poll found the two candidates tied. The poll shows a long-term trend
seen in aggregate polling of Brown gaining momentum and Mandel falling
A former Republican Ohio state representative came out in support of
Issue 2. Joan Lawrence came out for the initiative as part of Women for Issue 2, claiming the current system is rigged. If Issue 2
is approved by voters this election cycle, Ohio’s redistricting will be
handled by an independent citizens committee. Currently, elected
officials manage Ohio’s redistricting process, but the process normally
leads to corruption in a process known
as “gerrymandering” in which politicians redraw district borders in
politically advantageous ways. In the First Congressional District,
which includes Cincinnati, district boundaries were redrawn by
Republicans to include less of Hamilton County’s urban population, which
tends to vote Democrat, and instead include the more rural Warren
County, which tends to vote Republican. CityBeat previously covered the issue and Republicans’ losses in court regarding Issue 2 here. Margaret Buchanan, The Cincinnati Enquirer’s
publisher and president, left the University of Cincinnati Board of
Trustees Friday to avoid a potential conflict of interest in the
newspaper’s reporting on the UC Board of Trustees. CityBeat and
other media critics mentioned the conflict of interest in the past,
particularly when former UC President Greg Williams suddenly resigned
and Buchanan refused to comment on speculation around the resignation.
Cincinnati’s economic recovery is in full swing. For the
second straight month, the area’s manufacturers expanded. The Cincinnati
Purchasing Management Index, which measures manufacturing, went up from
54.6 in August to 58.8 in September. The index must be above 50 to
signify growth; below 50 shows contraction.
Cincinnati’s women-owned businesses are doing a lot more than some may think. They are responsible for 3,500 local area jobs.
Ohio’s attorney general is devoting more money toward
solving cold case homicides. Cold cases are old cases that have not been
the subject of recent investigations but could be solved in light of
Captain America: The Winter Soldier will be filmed in southern and northeast Ohio.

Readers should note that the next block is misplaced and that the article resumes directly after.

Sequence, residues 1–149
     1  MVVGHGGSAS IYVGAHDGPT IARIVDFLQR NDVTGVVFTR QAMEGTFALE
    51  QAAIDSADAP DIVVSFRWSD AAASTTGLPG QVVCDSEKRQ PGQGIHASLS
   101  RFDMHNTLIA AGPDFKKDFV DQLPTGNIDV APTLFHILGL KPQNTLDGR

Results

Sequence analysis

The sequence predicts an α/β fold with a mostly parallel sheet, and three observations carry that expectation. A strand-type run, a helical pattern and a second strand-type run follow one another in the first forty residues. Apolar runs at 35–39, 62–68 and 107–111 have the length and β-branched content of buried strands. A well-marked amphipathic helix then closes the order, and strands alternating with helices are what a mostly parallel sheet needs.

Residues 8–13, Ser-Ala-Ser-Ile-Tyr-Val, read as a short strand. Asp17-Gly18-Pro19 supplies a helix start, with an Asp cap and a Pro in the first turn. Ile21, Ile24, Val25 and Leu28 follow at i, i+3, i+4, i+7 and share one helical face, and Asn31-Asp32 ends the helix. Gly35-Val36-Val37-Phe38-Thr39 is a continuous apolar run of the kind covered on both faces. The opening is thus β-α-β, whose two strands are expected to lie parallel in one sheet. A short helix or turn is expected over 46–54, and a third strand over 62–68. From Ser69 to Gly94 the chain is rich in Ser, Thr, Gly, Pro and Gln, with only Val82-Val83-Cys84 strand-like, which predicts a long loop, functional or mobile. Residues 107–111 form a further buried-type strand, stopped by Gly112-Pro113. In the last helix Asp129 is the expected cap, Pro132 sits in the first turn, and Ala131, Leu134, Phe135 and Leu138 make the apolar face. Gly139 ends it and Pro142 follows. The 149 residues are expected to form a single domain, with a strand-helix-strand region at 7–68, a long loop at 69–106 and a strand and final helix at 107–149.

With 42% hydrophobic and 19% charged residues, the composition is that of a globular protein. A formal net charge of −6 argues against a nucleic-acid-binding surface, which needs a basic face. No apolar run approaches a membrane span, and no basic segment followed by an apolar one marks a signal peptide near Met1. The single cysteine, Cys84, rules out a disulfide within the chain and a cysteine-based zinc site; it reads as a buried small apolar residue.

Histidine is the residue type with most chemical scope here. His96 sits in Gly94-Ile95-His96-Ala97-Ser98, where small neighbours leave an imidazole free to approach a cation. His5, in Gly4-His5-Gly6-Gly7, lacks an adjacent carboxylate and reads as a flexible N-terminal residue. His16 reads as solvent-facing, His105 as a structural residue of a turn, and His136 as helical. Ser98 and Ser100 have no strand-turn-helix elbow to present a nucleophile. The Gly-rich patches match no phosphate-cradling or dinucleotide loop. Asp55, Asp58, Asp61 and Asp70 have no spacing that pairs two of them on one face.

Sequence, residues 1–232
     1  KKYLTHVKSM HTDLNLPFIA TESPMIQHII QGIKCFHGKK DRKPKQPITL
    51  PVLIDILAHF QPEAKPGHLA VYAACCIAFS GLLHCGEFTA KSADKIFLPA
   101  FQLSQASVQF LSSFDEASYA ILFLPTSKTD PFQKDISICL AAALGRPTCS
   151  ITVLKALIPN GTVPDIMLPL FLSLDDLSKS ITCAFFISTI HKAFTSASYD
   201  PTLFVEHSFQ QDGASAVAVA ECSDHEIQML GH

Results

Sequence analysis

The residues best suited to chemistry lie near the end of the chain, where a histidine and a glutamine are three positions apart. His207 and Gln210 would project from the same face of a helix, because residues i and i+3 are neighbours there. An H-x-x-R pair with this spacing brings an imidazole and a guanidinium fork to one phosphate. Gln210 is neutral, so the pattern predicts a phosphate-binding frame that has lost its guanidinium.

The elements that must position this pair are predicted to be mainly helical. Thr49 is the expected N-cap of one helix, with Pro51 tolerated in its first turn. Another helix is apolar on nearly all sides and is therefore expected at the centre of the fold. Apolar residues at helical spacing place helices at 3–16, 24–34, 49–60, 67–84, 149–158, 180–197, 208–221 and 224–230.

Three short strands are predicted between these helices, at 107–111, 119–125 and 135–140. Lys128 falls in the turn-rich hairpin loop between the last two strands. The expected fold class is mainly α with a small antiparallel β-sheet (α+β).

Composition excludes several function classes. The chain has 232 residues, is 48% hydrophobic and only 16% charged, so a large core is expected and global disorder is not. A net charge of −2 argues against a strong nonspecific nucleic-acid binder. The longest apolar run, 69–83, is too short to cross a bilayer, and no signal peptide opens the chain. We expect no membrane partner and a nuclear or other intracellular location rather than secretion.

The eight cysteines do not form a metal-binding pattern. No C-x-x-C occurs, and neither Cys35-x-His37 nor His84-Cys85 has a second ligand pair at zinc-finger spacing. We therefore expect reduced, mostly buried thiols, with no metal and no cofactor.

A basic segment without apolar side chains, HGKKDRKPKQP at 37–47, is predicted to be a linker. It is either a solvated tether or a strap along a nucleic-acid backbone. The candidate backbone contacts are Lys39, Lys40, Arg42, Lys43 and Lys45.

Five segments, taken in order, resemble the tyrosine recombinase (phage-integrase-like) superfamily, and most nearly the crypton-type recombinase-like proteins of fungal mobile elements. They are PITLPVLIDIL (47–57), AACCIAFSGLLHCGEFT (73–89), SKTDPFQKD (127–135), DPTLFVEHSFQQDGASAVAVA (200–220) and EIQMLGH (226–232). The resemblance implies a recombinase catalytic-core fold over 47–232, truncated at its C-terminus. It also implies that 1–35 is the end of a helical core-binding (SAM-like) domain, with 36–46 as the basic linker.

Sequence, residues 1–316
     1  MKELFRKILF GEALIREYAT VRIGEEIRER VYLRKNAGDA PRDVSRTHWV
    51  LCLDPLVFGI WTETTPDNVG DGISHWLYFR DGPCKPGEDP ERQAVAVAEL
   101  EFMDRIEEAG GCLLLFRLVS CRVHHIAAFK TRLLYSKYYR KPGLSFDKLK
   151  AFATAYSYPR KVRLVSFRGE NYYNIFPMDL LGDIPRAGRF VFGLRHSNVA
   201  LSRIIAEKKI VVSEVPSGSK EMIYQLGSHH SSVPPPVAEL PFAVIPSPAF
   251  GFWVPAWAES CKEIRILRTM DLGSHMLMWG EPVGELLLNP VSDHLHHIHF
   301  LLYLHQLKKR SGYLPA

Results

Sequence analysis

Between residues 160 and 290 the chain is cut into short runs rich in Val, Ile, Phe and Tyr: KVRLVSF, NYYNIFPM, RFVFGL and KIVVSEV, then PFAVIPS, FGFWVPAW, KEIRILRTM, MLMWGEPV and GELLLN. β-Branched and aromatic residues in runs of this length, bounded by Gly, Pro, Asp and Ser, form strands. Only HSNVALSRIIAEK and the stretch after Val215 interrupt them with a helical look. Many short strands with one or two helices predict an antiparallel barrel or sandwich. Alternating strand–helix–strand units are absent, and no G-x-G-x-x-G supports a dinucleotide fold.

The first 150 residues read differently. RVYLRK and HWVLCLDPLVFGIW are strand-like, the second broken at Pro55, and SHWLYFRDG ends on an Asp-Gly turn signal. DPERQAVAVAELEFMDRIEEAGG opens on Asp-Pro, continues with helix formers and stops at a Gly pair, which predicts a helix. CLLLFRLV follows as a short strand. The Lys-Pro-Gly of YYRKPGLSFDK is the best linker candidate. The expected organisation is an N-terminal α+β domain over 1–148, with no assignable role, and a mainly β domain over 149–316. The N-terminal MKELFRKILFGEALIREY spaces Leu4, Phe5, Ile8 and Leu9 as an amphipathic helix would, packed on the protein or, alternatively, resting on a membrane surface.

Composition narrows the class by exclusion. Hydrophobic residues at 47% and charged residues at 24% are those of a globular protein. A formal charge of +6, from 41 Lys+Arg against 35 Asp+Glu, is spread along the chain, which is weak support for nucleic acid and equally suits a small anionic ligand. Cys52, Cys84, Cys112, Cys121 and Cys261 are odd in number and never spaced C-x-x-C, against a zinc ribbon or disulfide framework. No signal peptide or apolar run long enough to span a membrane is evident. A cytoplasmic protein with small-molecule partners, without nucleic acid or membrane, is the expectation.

Nintendo’s Wii U is already looking like the top Christmas toy.
Artificially intelligent gamer bots convinced judges they’re human more often than actual humans.
by Andy Brownfield
Posted In: Humor
at 01:05 PM | Permalink
Senatorial candidate holds PolitiFact Ohio record for most statements rated "Pants on Fire"
Happy birthday to Ohio Treasurer Josh Mandel! The
treasurer and GOP candidate for U.S. Senate turns 35 today, and the Ohio
Democratic Party celebrated the occasion by delivering a new pair of
pants to the treasurer’s office.
“If anyone needs a new pair of pants for his birthday it’s
Josh Mandel, who has earned more ‘Pants on Fire’ ratings from
Politifact Ohio than any politician in state history — hopefully he will
get some use out of these before his next lie about (Democratic U.S.
Sen.) Sherrod (Brown),” Ohio Democratic Party spokesman Andrew Zucker
wrote in a statement.
Mandel has earned six “Pants on Fire” ratings — the
signifier given to an outright lie by the fact-checking agency run by
The (Cleveland) Plain Dealer, PolitiFact Ohio. Mandel holds the most
“Pants on Fire” rulings of any politician reviewed by the group.
Mandel doesn’t have a monopoly on lies: In a Wednesday
fact check, PolitiFact Ohio ruled a Brown campaign advertisement that
claimed Ohio’s investment fund has not improved under Mandel was
Zucker told CityBeat Mandel’s staff seemed
surprised by the gift (American Apparel trousers size 34) and promised
to deliver it, but said the treasurer wasn’t in the office.
The pants were folded and tied with ribbon. They contained
a note reading, “Josh — So many of your pants have caught fire from
Politifact’s ratings that we thought you could use a new pair. They’ll
look great for your next fundraising trip to the Bahamas! Happy
Birthday, The Ohio Democratic Party.”
Mandel’s press secretary has not responded to CityBeat’s call and email for comment as of this posting. This blog will be updated if we hear back.
by German Lopez
In an ad accusing Josh Mandel, a Republican, of
lying, Democratic Sen. Sherrod Brown’s campaign team may have lied,